$MWW Acquires ‘Tinder for Jobs’ App, #Jobr


On Thursday, Monster.com declared it has acquired the San Francisco-based startup Jobr, which had been developing a job-finding app called Tinder for jobs because it uses the swipe-based gestures. Detailed terms of this deal have not been released, but Jobr had raised $2 million in seed funding in 2014. The app will not be shut down, but rather be combined with Monster’s platform further, though it has already highlighted Monster.com job listings as its priority. Jobr was not the only company with the idea to develop a Tinder-like job hunting app. Its direct competitors such as Switch was focused on similar concepts.

Jobr’s idea was to make the usually painful process of job finding easier and quicker. Users can connect their LinkedIn account to the app to create a profile, then find jobs as you would find through upcoming dates on Tinder, and Jobr now offers Facebook login and resume uploads from cloud services such as Google Drive. Each position had a profile page that provided information about the company, the job responsibility, your matching skills, and how to contact recruiters. Jobr offered tools for recruiters as well. Recruiters can manage and interact with applicants through this app. At the time of the deal, Jobr claims it had “millions” of job seekers and thousands of recruiters on its platform. It says job seekers swiped on jobs more than 100 million times.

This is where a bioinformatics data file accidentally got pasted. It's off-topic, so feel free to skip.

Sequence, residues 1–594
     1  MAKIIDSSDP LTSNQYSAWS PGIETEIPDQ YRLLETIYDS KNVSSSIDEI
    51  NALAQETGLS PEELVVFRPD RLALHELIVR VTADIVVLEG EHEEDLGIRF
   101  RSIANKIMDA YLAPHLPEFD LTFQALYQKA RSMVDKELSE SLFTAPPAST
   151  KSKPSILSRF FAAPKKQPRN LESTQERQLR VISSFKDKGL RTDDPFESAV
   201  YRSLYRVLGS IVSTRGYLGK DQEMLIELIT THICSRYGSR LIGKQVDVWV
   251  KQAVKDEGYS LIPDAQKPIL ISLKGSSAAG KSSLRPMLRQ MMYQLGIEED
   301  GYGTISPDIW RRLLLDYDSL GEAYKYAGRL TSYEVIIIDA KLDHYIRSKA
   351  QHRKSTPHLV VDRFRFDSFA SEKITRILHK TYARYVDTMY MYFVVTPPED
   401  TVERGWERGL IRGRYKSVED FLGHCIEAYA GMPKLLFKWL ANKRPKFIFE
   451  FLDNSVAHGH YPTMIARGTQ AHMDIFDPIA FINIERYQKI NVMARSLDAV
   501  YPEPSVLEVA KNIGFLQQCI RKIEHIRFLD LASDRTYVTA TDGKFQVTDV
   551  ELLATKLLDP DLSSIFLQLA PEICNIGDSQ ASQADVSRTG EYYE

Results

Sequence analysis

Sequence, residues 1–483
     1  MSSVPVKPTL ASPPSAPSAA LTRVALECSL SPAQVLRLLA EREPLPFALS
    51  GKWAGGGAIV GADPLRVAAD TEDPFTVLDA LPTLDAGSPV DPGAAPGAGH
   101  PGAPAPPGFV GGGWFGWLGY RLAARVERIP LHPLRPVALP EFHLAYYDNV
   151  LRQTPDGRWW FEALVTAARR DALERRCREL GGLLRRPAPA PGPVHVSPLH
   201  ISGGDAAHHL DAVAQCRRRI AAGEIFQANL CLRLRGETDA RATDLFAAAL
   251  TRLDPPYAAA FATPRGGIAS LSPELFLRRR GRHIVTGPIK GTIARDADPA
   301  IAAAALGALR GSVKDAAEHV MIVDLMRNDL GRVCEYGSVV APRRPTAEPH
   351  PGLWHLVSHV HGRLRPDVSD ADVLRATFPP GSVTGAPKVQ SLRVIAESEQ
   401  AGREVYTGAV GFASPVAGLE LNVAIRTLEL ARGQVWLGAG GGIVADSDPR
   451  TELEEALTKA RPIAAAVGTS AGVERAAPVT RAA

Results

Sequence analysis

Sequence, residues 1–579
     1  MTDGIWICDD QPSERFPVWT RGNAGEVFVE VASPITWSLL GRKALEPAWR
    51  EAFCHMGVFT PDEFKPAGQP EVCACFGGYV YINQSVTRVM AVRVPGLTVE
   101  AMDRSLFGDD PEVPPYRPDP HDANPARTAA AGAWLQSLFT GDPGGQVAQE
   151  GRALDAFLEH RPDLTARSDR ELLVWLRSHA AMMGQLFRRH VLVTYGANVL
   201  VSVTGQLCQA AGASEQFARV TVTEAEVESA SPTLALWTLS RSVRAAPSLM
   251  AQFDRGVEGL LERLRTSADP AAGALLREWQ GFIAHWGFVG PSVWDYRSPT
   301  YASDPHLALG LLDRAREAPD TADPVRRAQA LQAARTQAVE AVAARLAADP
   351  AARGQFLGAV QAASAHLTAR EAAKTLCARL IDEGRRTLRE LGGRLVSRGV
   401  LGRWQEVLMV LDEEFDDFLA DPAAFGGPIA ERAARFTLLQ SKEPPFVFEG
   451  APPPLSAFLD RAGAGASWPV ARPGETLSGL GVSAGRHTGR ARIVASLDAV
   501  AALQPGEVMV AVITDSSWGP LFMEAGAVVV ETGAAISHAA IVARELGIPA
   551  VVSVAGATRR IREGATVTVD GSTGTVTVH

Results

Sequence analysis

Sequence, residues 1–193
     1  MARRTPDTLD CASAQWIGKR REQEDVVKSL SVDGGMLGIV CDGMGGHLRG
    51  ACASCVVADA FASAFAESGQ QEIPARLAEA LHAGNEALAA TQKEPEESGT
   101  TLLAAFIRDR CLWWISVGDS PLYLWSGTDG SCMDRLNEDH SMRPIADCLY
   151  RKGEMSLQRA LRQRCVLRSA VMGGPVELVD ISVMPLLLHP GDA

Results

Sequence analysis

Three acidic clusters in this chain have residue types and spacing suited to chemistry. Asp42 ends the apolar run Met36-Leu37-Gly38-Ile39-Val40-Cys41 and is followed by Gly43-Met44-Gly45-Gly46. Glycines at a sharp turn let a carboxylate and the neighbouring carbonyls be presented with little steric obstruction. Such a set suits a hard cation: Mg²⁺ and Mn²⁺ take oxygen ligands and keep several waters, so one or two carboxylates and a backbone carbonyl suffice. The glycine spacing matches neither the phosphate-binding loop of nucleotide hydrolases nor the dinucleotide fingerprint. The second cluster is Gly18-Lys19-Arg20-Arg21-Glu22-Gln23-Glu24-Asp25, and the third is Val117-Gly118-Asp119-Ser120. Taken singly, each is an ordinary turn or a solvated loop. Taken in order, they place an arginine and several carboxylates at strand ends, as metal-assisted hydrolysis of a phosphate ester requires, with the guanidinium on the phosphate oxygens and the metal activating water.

After the acquisition, Monster will immediately begin combining its own global talent platform with Jobr. Monster also aims to extend the Jobr app to other markets in early 2017. Until the time of the deal, Monster.com’s job search features over 5 million jobs, accumulated from multiple sources, and these will continue to be available through Jobr. In addition, Monster said its interest in Jobr went beyond just the one app. It wants to use the team resources to design more mobile services in the future as well. This will include the development of mobile components for Monster’s own recruiting platform. The deal is about both tech and talent, according to Monster and COO Mark Stoever.


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